Historian and psychologist Dr. Kerstin Muth has researched the troublesome issue of Wehrmachtskinder in Greece – that is, the Greek children of Wehrmacht soldiers during the Axis occupation of Greece (1941-1944), in her book “Die Wehrmachmacht in Griechenland und ihre Kinder” (Wehrmacht in Greece and its children)”.
The specific number of Wehrmacht children in Greece is unknown, since the issue has for years been a tabboo. There are no official figures and there is a climate of silence around the issue, yet Muth estimates that at least there are 200. It is a low number, and the reason might be that most pregnancies were aborted before birth on fears of stigmatization. Some historians even claim that the Orthodox Church helped women get abortions. «This is definitely a field that some historian should research», says Muth.
While there is plenty of information about the children in Norway, «which is very organized on the subject and which gave the women and children psychological support», France or the Netherlands, there is very little information in Greece or Italy.
But one thing is known: as in the Netherlands or France, these children and their mothers were subjected to public humiliation. Frequently, they heard on the street that they have a Wehrmacht father, or as they were called «γερμανομπάσταρδος» (Greek for “German bastard”). The mothers were discriminated against as well and the children suffered because of the stigmatized mother and the frequently unknown father. Quite often, the mothers blamed the children for their bad situation, while ironically, the absent father was frequently idealized.
Until recently, the existance and experience of the German soldiers’ children by Greek mothers have been kept on the sidelines. In 2006, a TV show on the Greek TV approached the issue. A few newspapers articles have been published, like this one (“Seeking the ‘children of the Wehrmacht’”) and this one (“The children of the Wehrmacht”). And a new documentary by German filmmaker Thilo Pohle is under works. And las year, after publishing her book, Muth gave a conference about this issue at the Goethe Institut in Thessaloniki, Greece. Muth explained her research and the interviews she conducted with Greeks born of a German soldier during the occupation.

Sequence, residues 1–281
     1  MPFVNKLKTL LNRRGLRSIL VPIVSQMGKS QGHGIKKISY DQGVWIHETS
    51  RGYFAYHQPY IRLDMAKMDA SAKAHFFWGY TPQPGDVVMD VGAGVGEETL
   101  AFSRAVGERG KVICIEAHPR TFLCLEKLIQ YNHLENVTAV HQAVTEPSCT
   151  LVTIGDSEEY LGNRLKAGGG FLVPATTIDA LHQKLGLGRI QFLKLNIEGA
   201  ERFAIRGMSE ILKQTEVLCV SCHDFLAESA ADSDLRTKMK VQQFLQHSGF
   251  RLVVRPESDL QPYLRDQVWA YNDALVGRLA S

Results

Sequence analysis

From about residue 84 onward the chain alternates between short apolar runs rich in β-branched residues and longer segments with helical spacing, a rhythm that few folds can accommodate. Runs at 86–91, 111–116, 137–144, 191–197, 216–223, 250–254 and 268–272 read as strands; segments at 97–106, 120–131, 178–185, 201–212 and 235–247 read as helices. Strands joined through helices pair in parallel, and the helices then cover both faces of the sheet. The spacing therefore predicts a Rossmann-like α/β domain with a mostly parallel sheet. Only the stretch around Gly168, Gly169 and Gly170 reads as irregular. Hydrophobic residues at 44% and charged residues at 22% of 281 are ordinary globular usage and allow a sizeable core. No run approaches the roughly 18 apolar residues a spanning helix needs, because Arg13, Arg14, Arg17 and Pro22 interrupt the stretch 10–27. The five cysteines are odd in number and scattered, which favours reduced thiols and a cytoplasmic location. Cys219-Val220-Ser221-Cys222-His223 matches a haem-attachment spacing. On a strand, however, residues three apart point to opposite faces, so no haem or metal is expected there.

Muth said she was lucky in the case of Greece because, with the help of the Evangelical community, she found a 60-year-old woman in Thessaloniki who confided in her. And she has some information about another person in the city, who does not wish to speak out, however. «It is difficult to bring up such a past. These people have been through hell in one form or another. Most of them guessed but their mothers never told them. They encountered discrimination at school, in the neighborhood, from relatives, everywhere”.
She could interview a number of Greek Wehrmacht children. Their experiences vary. Some of them complain that “Nobody told me anything for sixty years”, while others “always knew that I was German”. Some were able to meet their fathers in Germany, while others would never want to meet them.
indicate that the children were exposed to discrimination, stigmatisation
and violence due to the fact that their fathers belonged to the enemy.
How difficult it is to break such a taboo is demonstrated by the fact that even after five newspaper articles and one television film in 2006 only two children contacted her. Muth’s research was based on six studies, and the experiences of these six children of Wehrmachtssoldaten confirm what we has been seen in other countries. The children often grew up with secrecy surrounding their biological origin; they often lived in poverty with stigmatisation of being born out of wedlock in addition to being a “German bastard”. Muth argues that although the family constellations of the persons she interviewed differed, all seem psychologically damaged due to the discriminations they had experienced.
Despite this, in Greece the life stories of the Wehrmacht children is still a taboo and most Greek Wehrmachtskinder stay silent.